- Oil rallied to around $100 a barrel on Thursday after the IEA warned of supply risks due to a drop in Russian output from April.
- While demand could shrink by 1.1 million bpd, 3 million bpd will be shut in due to the Russia-Ukraine crisis, it said.
- Crude was also getting a boost from a fall in the dollar, after the Federal Reserve began hiking interest rates.
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Oil prices rose to top $100 a barrel on Thursday, coming back from a slide the previous session, after the IEA warned a coming fall in Russian supply won't make up for an expected drop in demand.
Brent crude gained 5.2% to trade at $103.15 a barrel, but was still heading for a 5% loss this week. West Texas Intermediate crude was up 4.8% at $99.67 a barrel, on track for a similar weekly decline.
The threat of disruption to Russian oil supply has driven the price of crude oil higher in volatile trade since President Vladimir Putin's forces invaded Ukraine in late February.
The market is concerned about a potential supply shock from bans by the US and its allies on Russian oil imports, and the risk that Putin might decide to divert supply in retaliation for Western sanctions.
About three million barrels a day of Russian oil output could be shut in from April, the IEA estimated in its monthly oil market report published on Wednesday. The drop will come as Western embargoes set in and buyers stay away from the country's exports.
The IEA expects global demand to shrink as a result of the surge in oil prices — but by just 1.1 million barrels a day, far below the Russian loss of supply.
"This discrepancy is likely to become even bigger in the coming months given the anticipated decline in Russian oil production. The IEA therefore predicts a significantly undersupplied oil market in the second quarter," Commerzbank strategists said.
Earlier in March, OPEC's secretary general, Mohammed Barkindo, said there is no capacity in the world that could replace Russia's 7 million of barrels per day.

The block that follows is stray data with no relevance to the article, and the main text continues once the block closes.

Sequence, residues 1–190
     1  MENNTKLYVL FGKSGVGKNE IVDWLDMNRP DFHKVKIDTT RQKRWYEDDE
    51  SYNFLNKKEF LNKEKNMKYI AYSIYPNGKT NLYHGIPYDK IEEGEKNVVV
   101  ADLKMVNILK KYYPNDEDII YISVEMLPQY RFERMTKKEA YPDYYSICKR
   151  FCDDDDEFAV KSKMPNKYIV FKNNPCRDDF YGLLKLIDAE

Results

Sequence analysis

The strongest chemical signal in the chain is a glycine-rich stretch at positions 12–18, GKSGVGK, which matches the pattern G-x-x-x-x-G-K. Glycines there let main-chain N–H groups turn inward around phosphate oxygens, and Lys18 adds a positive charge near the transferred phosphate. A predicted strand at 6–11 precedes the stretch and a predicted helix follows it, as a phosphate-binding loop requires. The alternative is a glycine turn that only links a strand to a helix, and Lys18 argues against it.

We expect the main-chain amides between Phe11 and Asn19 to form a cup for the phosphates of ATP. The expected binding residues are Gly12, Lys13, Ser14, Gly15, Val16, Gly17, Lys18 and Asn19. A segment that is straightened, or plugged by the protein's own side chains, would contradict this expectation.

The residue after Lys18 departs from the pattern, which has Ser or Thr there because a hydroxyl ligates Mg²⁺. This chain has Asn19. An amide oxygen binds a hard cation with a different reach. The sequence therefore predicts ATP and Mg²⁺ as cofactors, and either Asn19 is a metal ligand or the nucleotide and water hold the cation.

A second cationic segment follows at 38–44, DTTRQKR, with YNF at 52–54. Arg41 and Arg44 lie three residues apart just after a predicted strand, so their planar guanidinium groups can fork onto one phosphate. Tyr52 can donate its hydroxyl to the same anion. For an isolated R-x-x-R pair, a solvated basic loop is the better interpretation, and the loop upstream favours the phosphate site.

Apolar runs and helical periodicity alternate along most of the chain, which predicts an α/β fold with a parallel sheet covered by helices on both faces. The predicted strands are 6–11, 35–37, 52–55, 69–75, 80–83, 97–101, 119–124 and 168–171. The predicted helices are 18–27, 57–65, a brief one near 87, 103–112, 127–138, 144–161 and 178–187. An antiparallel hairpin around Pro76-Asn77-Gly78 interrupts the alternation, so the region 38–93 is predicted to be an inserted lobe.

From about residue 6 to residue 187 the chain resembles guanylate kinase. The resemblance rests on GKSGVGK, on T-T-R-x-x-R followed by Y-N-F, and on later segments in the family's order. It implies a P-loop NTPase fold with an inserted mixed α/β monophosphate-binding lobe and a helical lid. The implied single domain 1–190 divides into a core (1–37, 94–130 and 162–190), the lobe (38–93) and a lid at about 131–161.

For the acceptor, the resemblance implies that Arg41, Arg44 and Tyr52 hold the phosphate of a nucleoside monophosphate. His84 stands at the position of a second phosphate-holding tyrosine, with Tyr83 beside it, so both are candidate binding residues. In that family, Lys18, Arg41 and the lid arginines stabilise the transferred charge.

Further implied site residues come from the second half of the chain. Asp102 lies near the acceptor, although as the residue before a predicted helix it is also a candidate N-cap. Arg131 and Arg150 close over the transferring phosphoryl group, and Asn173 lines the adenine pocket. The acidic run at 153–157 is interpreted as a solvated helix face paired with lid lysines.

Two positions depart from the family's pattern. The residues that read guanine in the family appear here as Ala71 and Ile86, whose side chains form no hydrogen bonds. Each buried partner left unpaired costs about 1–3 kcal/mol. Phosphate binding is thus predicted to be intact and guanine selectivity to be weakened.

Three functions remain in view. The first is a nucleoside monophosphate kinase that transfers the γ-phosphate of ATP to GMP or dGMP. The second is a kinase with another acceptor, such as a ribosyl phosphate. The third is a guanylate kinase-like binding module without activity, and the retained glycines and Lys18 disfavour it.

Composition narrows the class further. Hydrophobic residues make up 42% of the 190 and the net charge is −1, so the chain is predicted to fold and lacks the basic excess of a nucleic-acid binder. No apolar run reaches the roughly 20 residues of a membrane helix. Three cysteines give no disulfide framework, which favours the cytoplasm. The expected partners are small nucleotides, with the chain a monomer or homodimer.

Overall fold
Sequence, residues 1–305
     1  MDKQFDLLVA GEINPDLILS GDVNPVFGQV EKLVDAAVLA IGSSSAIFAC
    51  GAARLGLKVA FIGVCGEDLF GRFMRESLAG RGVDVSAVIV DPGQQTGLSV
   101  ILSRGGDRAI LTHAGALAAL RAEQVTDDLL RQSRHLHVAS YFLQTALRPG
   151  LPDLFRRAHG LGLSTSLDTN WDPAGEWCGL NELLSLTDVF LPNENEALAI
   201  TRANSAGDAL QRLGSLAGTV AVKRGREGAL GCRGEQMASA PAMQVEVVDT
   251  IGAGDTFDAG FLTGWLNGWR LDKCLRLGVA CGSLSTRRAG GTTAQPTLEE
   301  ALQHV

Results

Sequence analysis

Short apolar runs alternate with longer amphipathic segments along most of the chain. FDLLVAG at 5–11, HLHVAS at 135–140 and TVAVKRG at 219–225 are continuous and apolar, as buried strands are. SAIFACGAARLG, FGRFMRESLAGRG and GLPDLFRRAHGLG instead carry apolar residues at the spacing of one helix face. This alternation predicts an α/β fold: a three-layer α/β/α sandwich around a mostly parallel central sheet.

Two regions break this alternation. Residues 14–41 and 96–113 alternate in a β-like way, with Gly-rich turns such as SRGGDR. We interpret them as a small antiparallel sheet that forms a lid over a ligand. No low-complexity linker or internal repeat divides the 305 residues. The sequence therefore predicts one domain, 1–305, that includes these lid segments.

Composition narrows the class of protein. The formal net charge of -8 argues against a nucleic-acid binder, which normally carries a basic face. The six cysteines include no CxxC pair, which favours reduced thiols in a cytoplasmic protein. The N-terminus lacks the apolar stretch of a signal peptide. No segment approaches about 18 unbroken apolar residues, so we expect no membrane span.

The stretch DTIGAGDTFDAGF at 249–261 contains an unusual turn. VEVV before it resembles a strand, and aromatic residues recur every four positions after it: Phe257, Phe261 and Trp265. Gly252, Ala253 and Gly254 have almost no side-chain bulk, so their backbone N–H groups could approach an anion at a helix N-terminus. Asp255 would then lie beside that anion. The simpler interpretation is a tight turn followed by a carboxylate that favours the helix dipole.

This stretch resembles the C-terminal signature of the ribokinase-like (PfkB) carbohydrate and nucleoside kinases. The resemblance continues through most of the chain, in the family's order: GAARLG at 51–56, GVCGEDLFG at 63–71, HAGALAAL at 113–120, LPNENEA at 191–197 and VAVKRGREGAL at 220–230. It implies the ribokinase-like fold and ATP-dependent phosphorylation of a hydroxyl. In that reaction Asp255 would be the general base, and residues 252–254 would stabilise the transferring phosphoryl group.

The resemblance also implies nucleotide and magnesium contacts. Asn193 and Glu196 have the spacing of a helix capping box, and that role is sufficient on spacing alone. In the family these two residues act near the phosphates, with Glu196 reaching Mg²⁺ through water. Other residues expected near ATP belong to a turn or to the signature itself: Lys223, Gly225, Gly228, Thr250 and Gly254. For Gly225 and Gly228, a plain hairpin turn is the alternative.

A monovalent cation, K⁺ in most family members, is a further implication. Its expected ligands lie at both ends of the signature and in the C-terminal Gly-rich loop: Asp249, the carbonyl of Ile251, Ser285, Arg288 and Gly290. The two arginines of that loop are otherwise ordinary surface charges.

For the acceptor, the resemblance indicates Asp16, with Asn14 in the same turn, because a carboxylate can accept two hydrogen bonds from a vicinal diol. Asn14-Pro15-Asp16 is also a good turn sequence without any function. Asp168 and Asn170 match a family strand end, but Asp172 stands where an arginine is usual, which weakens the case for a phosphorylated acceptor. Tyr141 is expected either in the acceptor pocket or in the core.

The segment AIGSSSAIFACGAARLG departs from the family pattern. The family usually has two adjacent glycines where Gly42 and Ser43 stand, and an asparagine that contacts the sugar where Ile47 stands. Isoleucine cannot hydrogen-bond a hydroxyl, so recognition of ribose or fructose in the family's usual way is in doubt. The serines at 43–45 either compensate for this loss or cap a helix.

If OPEC raises its oil production as planned in the second half of 2022, the market will be virtually balanced, the Commerzbank strategists said — a "marked change" from their previous forecast for an oversupplied market.
"Over the past week a lot of financial positions have been flushed out, but a tight, physical market remains with widespread voluntary sanctions towards Russian oil and product exports still at work," Bjarne Schieldrop, chief commodities analyst at SEB Research, said.
"The Brent crude oil price is thus likely to be driven back up again in the coming weeks as the war in Ukraine continues. Both supply and demand are hurting, but supply is currently hurting more and a tight oil market for the coming two quarters is to be expected," he added.
Crude oil was also getting a boost on Thursday from a fall in the dollar, which makes it cheaper for holders of other currencies to buy. The US dollar index was down 0.3% at 98.29 at last check.
On the demand side, analysts pointed to the surge in cases of Covid-19 in China as a concern. The speed at which the Omicron variant is spreading means the outbreak could be very bad, with millions of infections, according to SEB's Schieldrop.
"Not only would this hurt oil demand directly due to Chinese lock-downs and reduced mobility. It would also hurt the global economy with reduced supply of products and spare parts flowing out of China," he said.